Physicists, mathematicians, and scientists can't seem to agree on how the universe will end. In some ways, they can barely agree on how the universe came to be. Nonetheless, most leading thinkers in the scientific field agree that the universe is not an infinite place and someday, it will cease to exist.
The theories run the gamut from a deathly freeze to getting ripped apart, to the universe crunching into itself. As a barely understood aspect of the universe, many leaders in the scientific community view dark energy as a key player in the universe's ultimate demise. Luckily for us, most predictions are in the unfathomable future, billions or even trillions of years from now.
And while it causes us very little real concern today, overall, it's disconcerting to consider that someday, even if it's billions or trillions of years from today, all that is the universe, all that is being, will one day, not be. And there will be no one left to study what once was, nor will there be anyone to remember us or the universe fondly. Someday, there will be no evidence that our universe ever existed.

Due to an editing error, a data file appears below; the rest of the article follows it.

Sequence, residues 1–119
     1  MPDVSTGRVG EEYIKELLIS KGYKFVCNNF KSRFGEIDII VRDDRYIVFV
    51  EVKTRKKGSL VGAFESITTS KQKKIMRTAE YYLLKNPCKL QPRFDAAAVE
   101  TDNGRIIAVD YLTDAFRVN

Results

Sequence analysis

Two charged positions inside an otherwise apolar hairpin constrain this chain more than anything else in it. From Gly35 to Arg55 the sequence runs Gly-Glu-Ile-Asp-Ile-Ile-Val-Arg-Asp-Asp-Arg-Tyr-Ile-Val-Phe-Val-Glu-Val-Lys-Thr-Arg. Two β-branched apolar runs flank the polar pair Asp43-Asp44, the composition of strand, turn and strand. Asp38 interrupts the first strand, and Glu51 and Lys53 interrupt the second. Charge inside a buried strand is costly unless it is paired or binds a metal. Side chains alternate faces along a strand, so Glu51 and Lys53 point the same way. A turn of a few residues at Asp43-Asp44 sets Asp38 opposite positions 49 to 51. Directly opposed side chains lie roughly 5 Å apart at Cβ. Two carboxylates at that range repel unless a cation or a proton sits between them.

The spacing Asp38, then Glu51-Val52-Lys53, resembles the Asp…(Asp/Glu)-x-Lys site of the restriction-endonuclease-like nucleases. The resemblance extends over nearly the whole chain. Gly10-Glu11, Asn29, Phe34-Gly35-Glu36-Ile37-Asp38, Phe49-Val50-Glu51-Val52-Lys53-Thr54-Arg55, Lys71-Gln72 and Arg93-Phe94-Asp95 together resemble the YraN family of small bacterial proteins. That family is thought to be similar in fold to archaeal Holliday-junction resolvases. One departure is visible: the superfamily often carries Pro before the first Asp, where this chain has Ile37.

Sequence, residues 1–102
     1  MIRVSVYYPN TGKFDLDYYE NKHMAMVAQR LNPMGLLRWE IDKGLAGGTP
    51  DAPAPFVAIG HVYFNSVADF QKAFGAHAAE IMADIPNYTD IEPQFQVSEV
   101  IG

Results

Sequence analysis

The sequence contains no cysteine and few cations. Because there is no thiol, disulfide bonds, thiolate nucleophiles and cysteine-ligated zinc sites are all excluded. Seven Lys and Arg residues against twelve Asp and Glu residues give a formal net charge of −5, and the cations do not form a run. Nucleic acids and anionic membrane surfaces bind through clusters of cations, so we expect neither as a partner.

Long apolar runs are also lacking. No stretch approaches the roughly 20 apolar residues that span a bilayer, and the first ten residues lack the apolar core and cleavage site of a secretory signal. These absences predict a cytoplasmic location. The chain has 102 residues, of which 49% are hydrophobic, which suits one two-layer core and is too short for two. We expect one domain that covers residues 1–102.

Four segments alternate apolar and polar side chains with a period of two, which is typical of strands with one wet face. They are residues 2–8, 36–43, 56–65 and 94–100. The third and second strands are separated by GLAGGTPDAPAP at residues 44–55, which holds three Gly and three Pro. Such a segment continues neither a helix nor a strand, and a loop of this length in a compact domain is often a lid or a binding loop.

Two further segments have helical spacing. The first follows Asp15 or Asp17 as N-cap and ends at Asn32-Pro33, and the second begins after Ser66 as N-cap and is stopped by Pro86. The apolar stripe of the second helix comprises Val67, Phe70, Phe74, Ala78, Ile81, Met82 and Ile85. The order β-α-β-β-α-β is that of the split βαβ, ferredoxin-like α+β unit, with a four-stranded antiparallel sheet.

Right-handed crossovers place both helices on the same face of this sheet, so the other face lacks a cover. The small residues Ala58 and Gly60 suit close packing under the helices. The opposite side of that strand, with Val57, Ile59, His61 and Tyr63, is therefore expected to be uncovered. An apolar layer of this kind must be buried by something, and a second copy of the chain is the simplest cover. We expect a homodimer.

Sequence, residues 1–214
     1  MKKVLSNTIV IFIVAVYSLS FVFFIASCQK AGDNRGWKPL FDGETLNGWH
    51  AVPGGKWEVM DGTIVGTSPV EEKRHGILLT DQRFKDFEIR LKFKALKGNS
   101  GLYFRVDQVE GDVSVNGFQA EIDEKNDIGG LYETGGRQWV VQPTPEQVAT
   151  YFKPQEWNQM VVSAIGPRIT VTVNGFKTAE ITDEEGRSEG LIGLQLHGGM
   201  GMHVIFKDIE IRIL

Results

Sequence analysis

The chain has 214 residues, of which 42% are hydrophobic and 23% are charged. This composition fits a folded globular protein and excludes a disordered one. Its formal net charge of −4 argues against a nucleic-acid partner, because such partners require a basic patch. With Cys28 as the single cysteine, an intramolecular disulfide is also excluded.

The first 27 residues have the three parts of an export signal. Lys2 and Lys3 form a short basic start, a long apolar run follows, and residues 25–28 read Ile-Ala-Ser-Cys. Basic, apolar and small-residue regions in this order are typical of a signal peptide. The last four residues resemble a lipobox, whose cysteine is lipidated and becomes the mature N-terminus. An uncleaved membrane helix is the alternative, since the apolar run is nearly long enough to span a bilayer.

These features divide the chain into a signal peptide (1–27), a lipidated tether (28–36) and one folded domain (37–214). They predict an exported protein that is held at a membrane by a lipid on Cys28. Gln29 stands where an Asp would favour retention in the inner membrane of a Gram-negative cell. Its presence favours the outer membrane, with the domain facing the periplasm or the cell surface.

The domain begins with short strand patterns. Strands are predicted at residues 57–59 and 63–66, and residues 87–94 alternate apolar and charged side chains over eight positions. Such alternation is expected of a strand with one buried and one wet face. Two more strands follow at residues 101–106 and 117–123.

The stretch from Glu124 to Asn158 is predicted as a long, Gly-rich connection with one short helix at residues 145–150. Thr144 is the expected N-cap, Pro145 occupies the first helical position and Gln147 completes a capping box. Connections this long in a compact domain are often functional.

Unless that is, before the universe expires, human beings figure out how to move to a new universe. And then, billions or trillions of years from today, if humanity manages to survive, our universe as we know it, and everything that ever existed within it, will seem more distant and more foreign than our current understanding of what kicked it all off...the "Big Bang."